Pensions: Automatic enrolment system timetable revealed


The Pensions Minister Steve Webb told BBC News that he expects 'about two thirds' of people who are enrolled to stay in the new system

Some 600,000 people are expected to be enrolled into a workplace pension by the end of the year under a new system that automatically diverts funds from their pay packet.

The automatic enrolment scheme begins on 1 October and will mark one of the biggest changes to the pension system in the UK.

It will start with the largest firms.

Employers and staff will pay contributions into pension savings unless the worker opts out.

Workers aged over 22, earning more than £8,105 and not already signed up to a workplace pension scheme will be automatically enrolled into a pension scheme.

However, this system will be phased in gradually, with workers in the smallest firms not seeing a change for a few years.


The Department of Work and Pensions (DWP) has outlined more details on the number of people expected to be signed up during the initial waves.

Auto-enrolment criteria

  • Most workers will be enrolled if they are aged between 22 and the state pension age
  • However, these workers must be earning at least £8,105 a year
  • Pensionable earnings will be those between £5,564 and £42,475
  • Staff can opt out

It estimates that 380,000 workers will be signed up in October, a total of 420,000 will be enrolled by the end of November and 600,000 will be in place by the end of the year.

The enrolment peak is expected to be next spring. Overall, 11 million people will be eligible. Pensions Minister Steve Webb estimates that between six million and nine million people will stick with the pension saving, rather than opt out.

The aim is for more people to save for their retirement, rather than relying solely on the state pension.

Under automatic enrolment, employers will eventually contribute 3% of earnings to a worker's pension pot, employees will have 4% of their earnings diverted and there will be 1% tax relief.

However, these contributions will also be phased in gradually, starting at about 1% of earnings paid in by the employer and employee.


The system has been welcomed by various business and workers' groups.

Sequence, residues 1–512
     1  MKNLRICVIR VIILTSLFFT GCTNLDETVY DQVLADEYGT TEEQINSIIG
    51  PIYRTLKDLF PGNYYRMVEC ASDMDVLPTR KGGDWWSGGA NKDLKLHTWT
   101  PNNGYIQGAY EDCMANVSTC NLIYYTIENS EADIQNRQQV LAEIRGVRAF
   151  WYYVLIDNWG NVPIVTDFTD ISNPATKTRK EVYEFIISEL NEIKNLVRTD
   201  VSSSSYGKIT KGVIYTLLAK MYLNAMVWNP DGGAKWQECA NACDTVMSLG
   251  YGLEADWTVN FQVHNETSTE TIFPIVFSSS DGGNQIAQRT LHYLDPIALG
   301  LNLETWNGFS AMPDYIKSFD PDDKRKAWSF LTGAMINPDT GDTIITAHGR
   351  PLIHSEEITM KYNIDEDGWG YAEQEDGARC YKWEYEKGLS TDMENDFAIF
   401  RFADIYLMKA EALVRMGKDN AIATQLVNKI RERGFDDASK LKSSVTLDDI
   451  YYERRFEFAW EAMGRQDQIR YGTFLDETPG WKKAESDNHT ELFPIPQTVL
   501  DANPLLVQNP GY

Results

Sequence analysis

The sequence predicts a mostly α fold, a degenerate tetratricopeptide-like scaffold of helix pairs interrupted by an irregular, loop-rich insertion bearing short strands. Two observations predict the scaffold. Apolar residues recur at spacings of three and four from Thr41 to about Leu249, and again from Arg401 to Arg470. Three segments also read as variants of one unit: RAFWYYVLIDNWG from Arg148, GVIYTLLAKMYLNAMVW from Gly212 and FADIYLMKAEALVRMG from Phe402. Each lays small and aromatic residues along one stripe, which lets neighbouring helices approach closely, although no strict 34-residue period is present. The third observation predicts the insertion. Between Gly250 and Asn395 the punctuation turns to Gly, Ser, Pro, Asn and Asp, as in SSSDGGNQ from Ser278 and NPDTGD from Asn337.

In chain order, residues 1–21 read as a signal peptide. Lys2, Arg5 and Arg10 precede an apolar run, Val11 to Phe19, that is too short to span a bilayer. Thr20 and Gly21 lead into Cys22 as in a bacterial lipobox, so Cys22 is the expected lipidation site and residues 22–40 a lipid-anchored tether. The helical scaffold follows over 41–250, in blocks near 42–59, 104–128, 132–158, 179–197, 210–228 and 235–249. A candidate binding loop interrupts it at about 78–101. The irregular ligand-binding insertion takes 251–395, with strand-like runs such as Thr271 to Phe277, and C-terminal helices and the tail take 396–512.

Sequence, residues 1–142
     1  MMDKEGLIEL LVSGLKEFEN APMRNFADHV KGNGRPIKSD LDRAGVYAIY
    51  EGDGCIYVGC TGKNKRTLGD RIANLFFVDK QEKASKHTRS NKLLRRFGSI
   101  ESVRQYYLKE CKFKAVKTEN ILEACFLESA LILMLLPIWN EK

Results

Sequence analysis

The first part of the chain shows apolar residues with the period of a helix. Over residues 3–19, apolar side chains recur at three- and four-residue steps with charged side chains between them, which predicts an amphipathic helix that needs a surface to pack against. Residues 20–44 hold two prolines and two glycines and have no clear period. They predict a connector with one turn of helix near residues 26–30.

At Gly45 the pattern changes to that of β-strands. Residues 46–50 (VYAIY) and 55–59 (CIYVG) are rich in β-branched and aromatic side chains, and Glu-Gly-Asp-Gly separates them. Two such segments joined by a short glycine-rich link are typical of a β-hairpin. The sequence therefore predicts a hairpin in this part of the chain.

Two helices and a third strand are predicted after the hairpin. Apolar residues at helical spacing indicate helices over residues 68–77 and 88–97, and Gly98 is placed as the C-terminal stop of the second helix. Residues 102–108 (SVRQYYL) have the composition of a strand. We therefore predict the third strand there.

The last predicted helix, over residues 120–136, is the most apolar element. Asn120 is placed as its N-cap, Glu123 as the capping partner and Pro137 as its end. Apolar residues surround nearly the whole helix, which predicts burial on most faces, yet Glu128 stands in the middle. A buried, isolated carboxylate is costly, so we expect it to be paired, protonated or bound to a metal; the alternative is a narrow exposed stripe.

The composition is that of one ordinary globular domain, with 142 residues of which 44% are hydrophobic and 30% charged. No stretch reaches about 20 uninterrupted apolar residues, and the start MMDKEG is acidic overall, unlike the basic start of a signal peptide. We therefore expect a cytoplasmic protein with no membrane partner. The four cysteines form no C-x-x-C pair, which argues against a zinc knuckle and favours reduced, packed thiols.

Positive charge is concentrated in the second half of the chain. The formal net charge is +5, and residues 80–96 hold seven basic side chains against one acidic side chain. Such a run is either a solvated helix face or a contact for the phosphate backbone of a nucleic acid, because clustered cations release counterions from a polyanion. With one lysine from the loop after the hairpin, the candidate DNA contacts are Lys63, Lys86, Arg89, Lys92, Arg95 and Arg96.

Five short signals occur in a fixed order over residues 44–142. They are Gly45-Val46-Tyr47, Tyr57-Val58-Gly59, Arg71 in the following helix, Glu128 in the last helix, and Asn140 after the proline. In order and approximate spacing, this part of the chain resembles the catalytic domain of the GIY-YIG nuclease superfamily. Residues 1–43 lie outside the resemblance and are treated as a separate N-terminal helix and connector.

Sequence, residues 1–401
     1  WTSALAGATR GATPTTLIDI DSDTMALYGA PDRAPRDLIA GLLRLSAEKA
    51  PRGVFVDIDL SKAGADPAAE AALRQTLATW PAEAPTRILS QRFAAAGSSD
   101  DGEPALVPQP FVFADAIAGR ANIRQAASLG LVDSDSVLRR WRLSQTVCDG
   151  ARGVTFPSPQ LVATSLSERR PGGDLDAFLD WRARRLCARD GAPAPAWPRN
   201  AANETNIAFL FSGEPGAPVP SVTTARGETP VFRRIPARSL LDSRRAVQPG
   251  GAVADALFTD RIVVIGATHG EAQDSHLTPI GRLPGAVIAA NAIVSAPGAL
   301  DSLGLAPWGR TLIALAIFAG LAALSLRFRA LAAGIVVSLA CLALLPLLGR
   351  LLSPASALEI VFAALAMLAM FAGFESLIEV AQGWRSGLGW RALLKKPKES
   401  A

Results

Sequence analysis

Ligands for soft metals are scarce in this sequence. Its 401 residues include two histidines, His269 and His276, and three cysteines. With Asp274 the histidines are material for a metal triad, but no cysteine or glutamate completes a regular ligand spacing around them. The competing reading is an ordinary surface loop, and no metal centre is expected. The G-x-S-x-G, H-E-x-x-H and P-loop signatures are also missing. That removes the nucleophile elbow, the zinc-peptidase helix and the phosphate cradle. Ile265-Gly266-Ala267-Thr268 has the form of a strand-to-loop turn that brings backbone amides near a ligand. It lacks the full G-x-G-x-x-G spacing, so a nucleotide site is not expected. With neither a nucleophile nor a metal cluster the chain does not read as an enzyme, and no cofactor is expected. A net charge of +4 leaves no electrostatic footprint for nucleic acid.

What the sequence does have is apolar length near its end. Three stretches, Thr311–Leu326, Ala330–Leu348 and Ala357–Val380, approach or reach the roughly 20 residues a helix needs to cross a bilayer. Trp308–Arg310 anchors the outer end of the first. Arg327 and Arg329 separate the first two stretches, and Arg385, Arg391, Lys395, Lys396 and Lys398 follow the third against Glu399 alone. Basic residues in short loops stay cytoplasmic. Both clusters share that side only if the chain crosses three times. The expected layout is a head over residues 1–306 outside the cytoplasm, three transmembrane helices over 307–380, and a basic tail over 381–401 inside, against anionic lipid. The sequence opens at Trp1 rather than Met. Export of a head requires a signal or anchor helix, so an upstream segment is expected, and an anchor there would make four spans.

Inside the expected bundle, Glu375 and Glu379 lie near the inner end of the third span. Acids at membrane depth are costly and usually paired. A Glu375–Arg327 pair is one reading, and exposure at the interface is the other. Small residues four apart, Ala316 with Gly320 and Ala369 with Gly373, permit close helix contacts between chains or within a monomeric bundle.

"As the UK's ageing population continues to increase, we need more people to start recognising the value of saving for retirement," said Neil Carberry, the CBI's director for employment.

"Auto-enrolment will help rebuild a positive savings culture in the workplace and encourage people to take control of their retirement plans."

TUC general secretary Brendan Barber said: "This is a truly historic advance. For the first time, every employer will be compelled to contribute to the pensions of their staff - a union objective for many years.

"This government deserves praise for taking forward the plans put forward by the Pensions Commission under the previous administration."


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  • rate this

    Comment number 361.

    It is going to be very difficult to get the low paid to save for a pension while pension credits are still in force, simply because there is not much point. The goverment has been talking about a flat rate pension of around £140.00 per week for sometime now, they need to sort it quickly otherwise this idea like many before it will have little success.

  • rate this

    Comment number 297.

    And who picks the pension scheme? Sorry but I will opt out. I want the right to have monies I earn paid into a pension scheme I choose. The government don't understand that a lot of people don't have faith in the "prescribed" pension scheme. Let us have the choice of the monies going to a SIPP and I'm all for it. But my employer will just shove it in their pension scheme.

  • rate this

    Comment number 256.

    My only problem is 3% is 75% of my pay rises over the last five years. so its quite a lot for me at this time. Will i get a 3% pay rise next year. No. So i'll be even worse of. Yes i can opt out but i know i need to save for the future so it will be the economy which will lose this.

  • rate this

    Comment number 132.

    Those who say their pension is worth nothing, u have either not put a lot in or your expectation are too high or what amazes me is so many people do not seek good quality advice from an adviser throughout your pension planning, something that u save all your life for and get no advice,yet u will get advice on buying a car or a fridge?Don't moan about something u are responsible for.Its your fault.

  • rate this

    Comment number 97.

    I suspect most employees currently not in any pension scheme will just opt out of this new scheme. Most people not already in a pension scheme earn less than £20k gross and cannot afford to contribute to a pension for themselves whilst having to pay for those enjoyed by the public sector employees.


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